Vietnam mulls raising foreign ownership cap in local petrol firms

By Dat Nguyen   December 25, 2019 | 02:05 pm GMT+7
Vietnam mulls raising foreign ownership cap in local petrol firms
An employee refuels a motorbike at a gas station in District 1, Ho Chi Minh City. Photo by VnExpress/Thanh Nguyen.

Vietnam is considering raising the foreign ownership cap in petrol companies to 34 percent to attract more investors to the state-controlled energy industry.

The Ministry of Industry and Trade is drafting a decree which would raise the current cap of 20 percent to 34 percent amidst rising interest from foreign investors.

The state-owned fuel distributor Petrolimex has been seeking to increase foreign ownership in the company. It has already sold an 8 percent stake to Japan’s JX Nippon Oil & Energy, and 0.175 percent to other foreign investors.

Petrolimex Chairman Pham Van Thanh noted that many foreign companies are interested in investing in the company, but the state needs to lower its 75.87 percent stake to 51.05 percent to give them more room.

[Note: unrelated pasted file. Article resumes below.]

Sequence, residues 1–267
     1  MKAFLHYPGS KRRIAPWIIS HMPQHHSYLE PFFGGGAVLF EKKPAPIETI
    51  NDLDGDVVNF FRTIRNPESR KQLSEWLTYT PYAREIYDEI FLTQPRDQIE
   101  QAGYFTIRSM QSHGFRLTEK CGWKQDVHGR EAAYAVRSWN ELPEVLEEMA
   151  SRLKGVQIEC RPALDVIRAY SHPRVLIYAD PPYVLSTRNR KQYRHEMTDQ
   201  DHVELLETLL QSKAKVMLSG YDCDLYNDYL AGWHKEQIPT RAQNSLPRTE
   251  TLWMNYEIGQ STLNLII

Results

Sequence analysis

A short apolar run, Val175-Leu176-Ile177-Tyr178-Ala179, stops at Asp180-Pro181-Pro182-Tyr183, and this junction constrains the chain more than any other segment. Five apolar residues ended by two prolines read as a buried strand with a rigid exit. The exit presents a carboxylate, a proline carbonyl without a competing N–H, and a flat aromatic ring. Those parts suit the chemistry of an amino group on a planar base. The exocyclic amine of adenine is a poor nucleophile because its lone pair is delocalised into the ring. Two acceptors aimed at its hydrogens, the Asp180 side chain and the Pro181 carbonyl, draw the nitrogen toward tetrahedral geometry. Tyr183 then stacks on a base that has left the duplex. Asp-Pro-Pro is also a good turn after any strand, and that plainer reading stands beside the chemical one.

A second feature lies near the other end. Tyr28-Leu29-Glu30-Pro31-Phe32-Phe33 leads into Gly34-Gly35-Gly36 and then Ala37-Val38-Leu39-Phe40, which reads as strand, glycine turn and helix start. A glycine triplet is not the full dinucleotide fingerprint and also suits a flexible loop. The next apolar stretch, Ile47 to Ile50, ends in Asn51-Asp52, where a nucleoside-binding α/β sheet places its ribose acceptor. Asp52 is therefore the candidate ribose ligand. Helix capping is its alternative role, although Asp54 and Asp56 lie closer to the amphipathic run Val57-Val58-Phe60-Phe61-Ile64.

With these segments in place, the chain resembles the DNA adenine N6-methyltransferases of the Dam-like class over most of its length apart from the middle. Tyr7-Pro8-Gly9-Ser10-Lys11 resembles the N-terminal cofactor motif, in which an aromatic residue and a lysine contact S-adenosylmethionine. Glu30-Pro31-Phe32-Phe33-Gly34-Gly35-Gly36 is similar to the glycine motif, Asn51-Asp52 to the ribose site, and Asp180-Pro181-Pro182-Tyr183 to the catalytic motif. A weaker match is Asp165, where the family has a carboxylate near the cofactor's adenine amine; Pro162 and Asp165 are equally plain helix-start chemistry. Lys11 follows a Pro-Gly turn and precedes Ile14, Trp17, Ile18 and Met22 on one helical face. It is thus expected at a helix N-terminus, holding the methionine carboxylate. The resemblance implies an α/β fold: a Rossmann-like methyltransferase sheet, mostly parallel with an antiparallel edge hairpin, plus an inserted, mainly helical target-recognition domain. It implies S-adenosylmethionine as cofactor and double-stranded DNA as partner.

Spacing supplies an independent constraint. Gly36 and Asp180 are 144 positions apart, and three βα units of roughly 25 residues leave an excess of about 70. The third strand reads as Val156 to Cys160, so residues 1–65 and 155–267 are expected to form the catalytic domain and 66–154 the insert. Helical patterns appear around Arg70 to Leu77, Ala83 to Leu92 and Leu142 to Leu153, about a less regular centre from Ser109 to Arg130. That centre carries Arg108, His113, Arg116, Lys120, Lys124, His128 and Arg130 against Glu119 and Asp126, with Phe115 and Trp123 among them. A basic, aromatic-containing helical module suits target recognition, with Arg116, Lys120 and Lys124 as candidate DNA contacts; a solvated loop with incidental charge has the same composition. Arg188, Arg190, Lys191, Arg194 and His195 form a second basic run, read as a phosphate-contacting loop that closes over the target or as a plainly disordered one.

In the petrol retail sector, Japan’s Idemitsu Q8 is the only foreign-owned petrol chain in Vietnam with four outlets since entering the market in 2017. It targets to have 10 by 2020.

With less than a handful of foreign names present, Vietnam’s petrol industry remains strictly controlled by the state to ensure power security.

"Although the draft allows foreign investors to participate in the petrol market, especially in retail, it must still in principle be governed by the state," Tran Duy Dong, head of the domestic markets department under the trade ministry, told local media.

Another proposal in the draft is changing the way petrol retail costs are calculated to account for the rising share of domestic petrol.

Dong said that five years ago Vietnam had to import 70 percent of petrol for consumption, but this ratio has changed to 70-75 percent locally-produced fuel now, thanks to the country’s two refineries – Dung Quat and Nghi Son.

This means the nation needs to apply two formulas, one for imported petrol and another for domestically refined one, in calculating the retail price, he said.

Vietnam imports most of its petrol from South Korea, Malaysia, Singapore, and China. In the first 11 months, imports volume fell 17.19 percent year-on-year to 8.86 million tonnes, according to Vietnam Customs.

 
 
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